Expert view: Channel 4 wants your story now

Ugly, exploitative and patronising. Those were just three of the epithets used by television critics to describe Millionaires' Mission, which was shown on Channel 4 in September and October.

The four-part series, made in partnership with development charity World Vision, took a group of British millionaires to a Ugandan village to see whether they could use their entrepreneurial initiative to solve problems that aid could not. Sadly for Channel 4, it didn't attract much of an audience: the number of viewers shrank throughout the series and ended up at just 700,000.

Millionaires' Mission became a kicking post for some broadcasting professionals, who said the subject matter was inappropriate for mainstream viewing. World Vision, in contrast, was delighted. It was involved throughout the show's two-year development and had significant brand presence. A very articulate representative from the charity was on screen throughout and there was a lively discussion of the thorny issues of aid versus trade.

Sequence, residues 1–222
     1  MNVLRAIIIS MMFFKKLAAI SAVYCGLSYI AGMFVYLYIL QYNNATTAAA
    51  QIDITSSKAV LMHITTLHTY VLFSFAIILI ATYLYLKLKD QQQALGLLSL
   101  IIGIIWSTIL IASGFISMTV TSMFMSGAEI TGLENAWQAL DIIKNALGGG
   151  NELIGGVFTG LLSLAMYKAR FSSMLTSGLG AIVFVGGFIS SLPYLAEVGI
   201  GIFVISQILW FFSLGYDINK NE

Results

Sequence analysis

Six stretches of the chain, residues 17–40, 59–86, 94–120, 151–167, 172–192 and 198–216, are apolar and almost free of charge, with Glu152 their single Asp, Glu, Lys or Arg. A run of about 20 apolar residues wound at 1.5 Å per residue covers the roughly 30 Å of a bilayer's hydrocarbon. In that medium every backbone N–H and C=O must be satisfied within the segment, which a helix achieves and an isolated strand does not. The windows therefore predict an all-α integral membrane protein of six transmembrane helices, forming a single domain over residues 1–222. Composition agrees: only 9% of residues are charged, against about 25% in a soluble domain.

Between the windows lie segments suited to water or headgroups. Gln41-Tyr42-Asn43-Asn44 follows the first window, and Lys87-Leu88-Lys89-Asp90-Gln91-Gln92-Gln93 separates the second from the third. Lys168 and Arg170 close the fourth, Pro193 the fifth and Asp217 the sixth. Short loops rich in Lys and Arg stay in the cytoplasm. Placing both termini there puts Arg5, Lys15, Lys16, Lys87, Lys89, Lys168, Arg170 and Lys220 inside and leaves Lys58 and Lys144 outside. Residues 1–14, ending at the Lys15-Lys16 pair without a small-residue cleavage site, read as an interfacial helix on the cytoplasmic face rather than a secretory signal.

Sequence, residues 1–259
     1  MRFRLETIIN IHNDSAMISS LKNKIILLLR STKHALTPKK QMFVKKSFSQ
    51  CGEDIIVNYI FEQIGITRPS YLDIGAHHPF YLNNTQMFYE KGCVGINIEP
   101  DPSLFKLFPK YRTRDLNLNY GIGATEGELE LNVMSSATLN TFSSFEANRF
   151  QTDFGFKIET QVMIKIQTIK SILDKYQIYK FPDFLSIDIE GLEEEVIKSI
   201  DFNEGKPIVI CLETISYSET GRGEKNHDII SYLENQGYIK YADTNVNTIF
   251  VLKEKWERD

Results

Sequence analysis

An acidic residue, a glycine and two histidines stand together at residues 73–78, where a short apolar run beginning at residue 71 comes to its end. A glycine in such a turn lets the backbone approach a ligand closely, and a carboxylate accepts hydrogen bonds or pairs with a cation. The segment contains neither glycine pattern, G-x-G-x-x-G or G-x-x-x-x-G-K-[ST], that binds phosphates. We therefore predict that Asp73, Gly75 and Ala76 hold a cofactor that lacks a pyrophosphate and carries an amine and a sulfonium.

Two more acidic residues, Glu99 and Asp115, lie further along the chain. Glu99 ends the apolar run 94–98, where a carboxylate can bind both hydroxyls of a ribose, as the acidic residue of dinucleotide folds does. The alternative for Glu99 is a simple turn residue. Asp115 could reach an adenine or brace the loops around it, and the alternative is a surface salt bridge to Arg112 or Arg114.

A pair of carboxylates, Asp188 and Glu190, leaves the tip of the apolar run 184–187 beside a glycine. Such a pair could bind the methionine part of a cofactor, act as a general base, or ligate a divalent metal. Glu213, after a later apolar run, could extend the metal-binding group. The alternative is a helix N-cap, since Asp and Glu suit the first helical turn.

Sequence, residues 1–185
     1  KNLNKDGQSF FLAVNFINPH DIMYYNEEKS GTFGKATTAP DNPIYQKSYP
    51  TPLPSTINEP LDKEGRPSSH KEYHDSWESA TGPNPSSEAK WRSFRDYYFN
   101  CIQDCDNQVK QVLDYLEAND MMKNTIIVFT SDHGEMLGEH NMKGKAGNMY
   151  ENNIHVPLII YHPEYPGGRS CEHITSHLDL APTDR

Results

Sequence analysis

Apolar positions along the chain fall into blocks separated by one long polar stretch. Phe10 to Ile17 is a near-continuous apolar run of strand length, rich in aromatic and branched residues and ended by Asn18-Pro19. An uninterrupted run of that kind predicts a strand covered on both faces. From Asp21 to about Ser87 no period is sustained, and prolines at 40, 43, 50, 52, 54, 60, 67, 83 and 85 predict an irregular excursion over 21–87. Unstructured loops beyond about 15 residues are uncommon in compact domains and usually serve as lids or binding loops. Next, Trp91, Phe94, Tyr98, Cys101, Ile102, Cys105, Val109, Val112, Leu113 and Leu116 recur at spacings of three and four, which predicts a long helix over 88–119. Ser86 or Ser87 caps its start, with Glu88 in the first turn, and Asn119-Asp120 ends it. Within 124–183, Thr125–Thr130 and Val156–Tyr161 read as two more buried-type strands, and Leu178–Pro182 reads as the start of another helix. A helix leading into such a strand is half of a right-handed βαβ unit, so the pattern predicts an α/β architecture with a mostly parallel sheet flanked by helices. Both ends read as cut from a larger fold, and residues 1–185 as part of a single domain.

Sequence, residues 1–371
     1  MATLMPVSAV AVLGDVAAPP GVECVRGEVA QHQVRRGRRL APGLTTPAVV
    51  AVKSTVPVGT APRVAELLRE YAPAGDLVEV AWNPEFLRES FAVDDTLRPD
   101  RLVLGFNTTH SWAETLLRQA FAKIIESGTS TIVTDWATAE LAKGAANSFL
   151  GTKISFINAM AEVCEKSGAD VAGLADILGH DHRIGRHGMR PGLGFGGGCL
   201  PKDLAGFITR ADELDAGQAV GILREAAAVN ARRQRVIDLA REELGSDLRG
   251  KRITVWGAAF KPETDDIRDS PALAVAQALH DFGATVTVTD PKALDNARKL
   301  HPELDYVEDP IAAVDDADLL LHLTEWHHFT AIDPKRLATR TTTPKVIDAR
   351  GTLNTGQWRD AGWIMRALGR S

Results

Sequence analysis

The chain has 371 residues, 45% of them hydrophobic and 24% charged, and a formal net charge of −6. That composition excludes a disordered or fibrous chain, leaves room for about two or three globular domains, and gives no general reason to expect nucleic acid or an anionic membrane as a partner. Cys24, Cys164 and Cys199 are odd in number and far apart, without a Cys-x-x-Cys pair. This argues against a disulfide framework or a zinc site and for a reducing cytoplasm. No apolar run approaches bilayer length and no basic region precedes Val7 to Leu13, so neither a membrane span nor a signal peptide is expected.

For my part, I think the choice of the millionaires was the problem: some were just not interesting enough for me to care about them.

Reality formats bring their own rules and constraints and rarely provide realistic outcomes. As the challenge of bringing new life to old subjects on television continues alongside increased pressure to reach younger viewers, this kind of show might increasingly be the way mainstream television touches issues that matter to the third sector.

As long as the programme maker is truthful with the audience and clear about the processes, then reality shows must be part of a broadcaster's armoury. After its terrible battering this year, Channel 4 has been rediscovering the joys of public service programmes, and has confronted tough factual subjects such as the environment, literacy and child trafficking.

Channel 4 has a difficult challenge balancing audience share and profitability on the one hand with its public service remit on the other, but there are good signs of an emerging mini golden age of factual programming at the broadcaster. Charities are involved in several projects appearing on screen this autumn and winter, and it's a good time for any organisation that thinks its mission has televisual qualities to start talking to producers.

Just make sure you are open to all possible treatments. Despite the relative flop of Millionaires' Mission, I really hope that Channel 4 ignores the critics, continues working closely with charities and puts the results of that cooperation at the heart of the schedule.

- Nick Ware is a broadcasting consultant 

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